A recent neighborhood study commissioned by community groups found that most downtown residents preferred a community center like the 92nd Street Y or a cultural center like the Brooklyn Academy of Music to an opera house.

    But Kate D. Levin, commissioner of cultural affairs — who with the corporation will be evaluating cultural proposals for the site along with the New York State Council on the Arts — suggested that the decision on City Opera was purely a reflection of an increasingly refined master plan. "There is very much an open process about the cultural components at the site, depending on what's physically possible within the envelope of the buildings being built," she said.

    Robert W. Wilson, a philanthropist who has offered $50 million toward a new building for City Opera but who has said he would not support a move downtown, said, "I think they are unenthused about having an opera house down there for the same reasons I am — that's not where the market is."

    City Opera has also considered a nearby space in Battery Park City, known as Site 26, now a parking lot on West Street between Vesey and Murray Streets. But it expressed a clear preference for the trade center site.

    "Since it's not really at the site, it's not as attractive," Mr. Schneiderman said. "We're not rejecting anything, but we're focusing on the World Trade Center site. That would be the most desirable." He added, "If for some reason it can't work out at the World Trade Center site, we certainly would consider the other place."

    In Battery Park City, the opera would not be eligible for money from the development corporation, which is expected to contribute $200 million to $300 million toward a cultural component. A new opera house would cost about $250 million.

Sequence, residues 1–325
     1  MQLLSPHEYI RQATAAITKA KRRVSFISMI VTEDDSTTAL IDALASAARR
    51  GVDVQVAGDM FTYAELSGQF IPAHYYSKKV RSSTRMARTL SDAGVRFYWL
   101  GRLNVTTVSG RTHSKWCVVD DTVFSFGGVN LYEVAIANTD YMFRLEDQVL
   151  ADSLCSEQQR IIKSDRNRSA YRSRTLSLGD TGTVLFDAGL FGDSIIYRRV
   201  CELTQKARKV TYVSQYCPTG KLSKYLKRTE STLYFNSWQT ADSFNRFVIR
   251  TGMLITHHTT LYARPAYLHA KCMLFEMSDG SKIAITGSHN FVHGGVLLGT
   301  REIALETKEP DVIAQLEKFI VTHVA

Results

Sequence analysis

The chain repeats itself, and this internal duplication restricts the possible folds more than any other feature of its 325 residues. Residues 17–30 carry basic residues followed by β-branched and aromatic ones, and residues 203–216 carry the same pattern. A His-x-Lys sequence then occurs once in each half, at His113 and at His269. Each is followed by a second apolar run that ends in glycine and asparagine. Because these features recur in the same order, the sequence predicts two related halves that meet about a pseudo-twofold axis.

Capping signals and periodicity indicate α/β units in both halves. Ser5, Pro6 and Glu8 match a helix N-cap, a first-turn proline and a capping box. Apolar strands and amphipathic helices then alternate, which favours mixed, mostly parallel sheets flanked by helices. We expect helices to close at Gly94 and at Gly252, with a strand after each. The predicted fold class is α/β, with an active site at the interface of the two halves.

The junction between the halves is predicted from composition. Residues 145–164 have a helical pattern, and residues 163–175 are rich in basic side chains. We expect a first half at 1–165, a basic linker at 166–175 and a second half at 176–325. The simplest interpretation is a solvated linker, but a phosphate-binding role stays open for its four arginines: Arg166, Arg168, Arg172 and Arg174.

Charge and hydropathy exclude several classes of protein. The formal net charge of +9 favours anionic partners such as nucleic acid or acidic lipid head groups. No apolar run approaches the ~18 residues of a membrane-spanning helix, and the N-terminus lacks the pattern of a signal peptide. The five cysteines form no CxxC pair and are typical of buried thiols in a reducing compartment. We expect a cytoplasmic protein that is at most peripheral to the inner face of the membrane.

Site 26 has been a subject of dispute. The Battery Park City Authority, the state agency that controls the 92-acre Battery Park City, tried to sell rights to build a 1.8-million-square-foot skyscraper there. But John E. Zuccotti maintained that his company, Brookfield Financial Properties, had the exclusive right to develop the site. Brookfield, the largest downtown landlord, owns the World Financial Center. Ground zero is owned by the Port Authority of New York and New Jersey.

    With space in the World Financial Center now vacant, Mr. Zuccotti was not interested in creating a competing office space, those involved say. It was Mr. Zuccotti who spearheaded the idea with city and state officials about a mixed-use building that would include City Opera or the Joyce Theater at Site 26 with a hotel above. The Joyce, which specializes in dance, has expressed interest in adding a downtown location to its stages in Chelsea and SoHo.

    The Battery Park authority is now talking to the development corporation about turning Site 26 into an underground parking garage for up to 120 tour buses and up to 350 cars.

    Timothy S. Carey, president and chief executive of the Battery Park City Authority, said the authority had received proposals for the 90,000-square-foot site from several other organizations, including museums.

    At Site 26, the opera house would also be at a disadvantage regarding mass transit: the East Side subway line is one-third of a mile away. And the box office would lose out on some ground zero foot traffic for walk-in ticket sales.

    Without a substantial government subsidy, the philanthropist Mr. Wilson said, City Opera could not afford to build, even if he does decide to come through with his own $50 million contribution. "If you're building a $250-million house, my money is small change," he said.

    Mr. Wilson and others are skeptical that City Opera can lure its audience to Lower Manhattan. The fact that the Baz Luhrmann production of "La Bohème" could not last on Broadway, he said, demonstrates that such fare is not an easy draw.

    "The audience for opera is limited," he said. "If they think people are going to come from the Upper East and Upper West Side — and can you imagine getting cabs back?"

    City Opera has said it expects to pick up new audience members from Brooklyn and New Jersey.

    Larry A. Silverstein, the developer who controls the World Trade Center lease, said through a spokesman that he was interested in cultural development at the site generally, but not in any institution in particular.

    "Larry Silverstein's position is that the content of the type of facility is in the hands of the Port Authority and the Lower Manhattan Development Corporation," said the spokesman, Howard J. Rubenstein. "He has always favored a cultural element at the site."


    Copyright 2003 The New York Times Company

  7. #82

    Default Ground Zero Developments

    Quote: from Jasonik on 9:45 pm on July 25, 2003